The New York Times recently reviewed "Horse Soldiers: The Extraordinary Story of a Band of U.S. Soldiers Who Rode to Victory in Afghanistan," a book by Doug Stanton about how small units of elite Special Forces soldiers and C.I.A. paramilitary operatives joined with the Northern Alliance forces in late 2001 to fight the Taliban.
"In the weeks after 9/11, Fifth Group soldiers scrambled to prepare for the coming war in Afghanistan," explains Times reviewer Bruce Barcott. "Intelligence on the Taliban, Al Qaeda and the Northern Alliance was so thin that the men resorted to old Discovery Channel shows and back issues of the National Geographic."
With all the hundreds of billions of tax dollars that we spend on intelligence, why would information on this key part of the world be so thin? Doesn't it say volumes about the absolute lack of competency in the U.S. government when its top fighters have to resort to watching TV and reading back issues of magazines in order to get vital information before going into battle?
It's not as though Afghanistan was on America's back burner in terms of its strategic importance, or that Afghanistan was someplace new for U.S. intelligence agencies and military forces.
In 1980, during its final year in office, the Carter administration began providing intelligence and covert military assistance to the mujahideen ("Islamic guerrilla fighters waging a jihad," as defined by Merriam-Webster) in Afghanistan in order to roll back the 1979 Soviet invasion and occupation of the country.
Upping the ante, Ronald Reagan began providing Stinger missiles to the anti-Soviet forces in Afghanistan in 1986 in order to increase Soviet air losses and expand the Soviet's overall cost of occupation. The portable surface-to-air Stinger missiles were especially proficient in blowing Soviet helicopters out of the sky.
On the ground, Reagan escalated the covert supply of advanced weapons, intelligence and money to the anti-communist, anti-Soviet rebel forces and deployed CIA paramilitary officers to provide training and battle strategies.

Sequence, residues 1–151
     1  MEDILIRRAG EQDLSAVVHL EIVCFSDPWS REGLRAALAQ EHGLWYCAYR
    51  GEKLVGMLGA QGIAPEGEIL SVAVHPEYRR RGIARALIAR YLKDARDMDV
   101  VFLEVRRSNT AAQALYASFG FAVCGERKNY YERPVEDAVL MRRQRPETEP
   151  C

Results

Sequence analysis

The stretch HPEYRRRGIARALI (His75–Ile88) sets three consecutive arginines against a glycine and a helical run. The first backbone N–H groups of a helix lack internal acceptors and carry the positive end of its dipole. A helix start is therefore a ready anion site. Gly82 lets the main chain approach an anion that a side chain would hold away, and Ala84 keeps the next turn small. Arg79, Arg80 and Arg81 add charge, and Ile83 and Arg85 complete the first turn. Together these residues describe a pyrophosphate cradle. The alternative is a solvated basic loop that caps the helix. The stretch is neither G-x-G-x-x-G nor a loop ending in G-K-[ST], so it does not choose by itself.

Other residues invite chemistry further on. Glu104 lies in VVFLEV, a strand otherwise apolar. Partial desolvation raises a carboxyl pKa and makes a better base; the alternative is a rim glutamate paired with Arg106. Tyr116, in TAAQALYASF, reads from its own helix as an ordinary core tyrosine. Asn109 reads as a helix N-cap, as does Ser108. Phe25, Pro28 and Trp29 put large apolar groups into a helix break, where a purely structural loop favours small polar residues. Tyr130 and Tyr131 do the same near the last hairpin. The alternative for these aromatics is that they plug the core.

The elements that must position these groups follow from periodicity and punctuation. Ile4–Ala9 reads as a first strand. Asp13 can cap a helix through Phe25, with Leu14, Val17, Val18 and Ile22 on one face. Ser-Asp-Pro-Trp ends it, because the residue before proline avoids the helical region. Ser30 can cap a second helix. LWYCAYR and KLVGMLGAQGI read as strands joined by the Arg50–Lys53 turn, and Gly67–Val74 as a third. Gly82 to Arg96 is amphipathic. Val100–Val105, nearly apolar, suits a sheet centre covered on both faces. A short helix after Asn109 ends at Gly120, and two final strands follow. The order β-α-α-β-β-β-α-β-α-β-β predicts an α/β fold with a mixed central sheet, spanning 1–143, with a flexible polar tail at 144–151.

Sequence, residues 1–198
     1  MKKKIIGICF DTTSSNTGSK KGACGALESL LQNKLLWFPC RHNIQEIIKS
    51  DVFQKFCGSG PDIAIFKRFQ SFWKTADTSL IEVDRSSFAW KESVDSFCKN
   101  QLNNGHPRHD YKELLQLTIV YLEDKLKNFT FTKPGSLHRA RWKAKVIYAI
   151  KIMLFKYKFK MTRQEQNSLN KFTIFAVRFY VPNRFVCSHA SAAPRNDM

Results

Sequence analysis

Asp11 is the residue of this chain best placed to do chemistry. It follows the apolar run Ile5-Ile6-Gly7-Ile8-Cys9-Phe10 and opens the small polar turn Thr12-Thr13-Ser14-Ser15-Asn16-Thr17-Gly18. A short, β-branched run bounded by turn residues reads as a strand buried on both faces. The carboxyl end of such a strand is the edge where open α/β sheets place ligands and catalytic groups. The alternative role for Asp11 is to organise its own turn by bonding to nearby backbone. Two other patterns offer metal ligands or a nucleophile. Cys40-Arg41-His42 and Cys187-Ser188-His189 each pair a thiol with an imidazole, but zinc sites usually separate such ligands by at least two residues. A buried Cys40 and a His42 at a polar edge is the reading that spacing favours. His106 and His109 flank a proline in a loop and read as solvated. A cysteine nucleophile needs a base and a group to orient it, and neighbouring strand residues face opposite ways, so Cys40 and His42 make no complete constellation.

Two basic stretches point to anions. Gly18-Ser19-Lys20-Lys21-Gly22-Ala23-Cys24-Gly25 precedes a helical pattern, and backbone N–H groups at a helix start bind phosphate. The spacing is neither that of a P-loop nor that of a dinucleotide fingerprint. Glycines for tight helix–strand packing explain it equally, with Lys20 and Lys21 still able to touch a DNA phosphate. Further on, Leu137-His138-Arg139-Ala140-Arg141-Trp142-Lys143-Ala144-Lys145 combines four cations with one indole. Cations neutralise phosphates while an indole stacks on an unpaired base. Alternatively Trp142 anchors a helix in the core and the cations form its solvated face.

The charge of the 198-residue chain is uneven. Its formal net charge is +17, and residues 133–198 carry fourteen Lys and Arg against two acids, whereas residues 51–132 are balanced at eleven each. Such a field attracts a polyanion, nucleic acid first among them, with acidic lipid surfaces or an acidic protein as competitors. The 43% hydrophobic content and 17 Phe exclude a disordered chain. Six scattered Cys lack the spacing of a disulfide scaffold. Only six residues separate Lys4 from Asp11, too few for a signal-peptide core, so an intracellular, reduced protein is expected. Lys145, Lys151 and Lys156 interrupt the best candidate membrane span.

In 1988, at the close of Reagan's two terms in office and following nearly a decade of escalating U.S. military and intelligence support to the anti-Soviet guerrilla forces, Soviet President Mikhail Gorbachev announced the withdrawal of Soviet troops from Afghanistan.
Fast-forward 13 years to 2001, and with hundreds of billions more in tax dollars having been spent on intelligence, especially in relation to the expansion of Islamic radicalism, and here's how Times reviewer Barcott describes a problem that U.S. Special Forces had when they arrived in Afghanistan following the 9/11 terrorist attacks to fight alongside the Northern Alliance against the Taliban: "There was only one problem. Nobody told the Special Forces guys about the horses. Northern Alliance soldiers traveled and fought on horseback."
Barcott quotes Special Forces Capt. Mitch Nelson on his impromptu training lesson to the U.S. Special Forces as he climbed on a horse: " 'Listen up,' Nelson croaked. 'Here's how you make this thing go.' He heeled the horse in the ribs and it walked a few steps. 'And here's how you turn,' he said, pulling a rein and drawing the narrow muzzle around. 'And here's how you stop.' He pulled back on the reins and sat looking the guys. 'Got it?'
We spent billions on intelligence, in short, and off to battle we went and still didn't know about something as obvious as the horses.
We also don't know as taxpayers, by design, how much we're spending, or wasting, on intelligence. The information is widely "classified."
On occasion, we're told about some of the spending, but there's always something off the books, behind the curtain, too secret and too vital to "national security" to reveal to those of us who are picking up the tab.
In 2007, for instance, we were told that the U.S. intelligence budget was $43 billion, not counting the clandestine spending by various front companies or the price of the cloak-and-dagger guys. That was the first time in a decade that a figure was made public.
All told, some 100,000 people in 16 federal agencies are reportedly laboring at intelligence on a daily basis. And still, they missed the horses. And they didn't connect the dots when they were told before 9/11 that there were Arab students in U.S. flight schools who only wished to learn how to take off, not to land.
And this same government is going to straighten out the car industry and effectively run our health care?
Ralph R. Reiland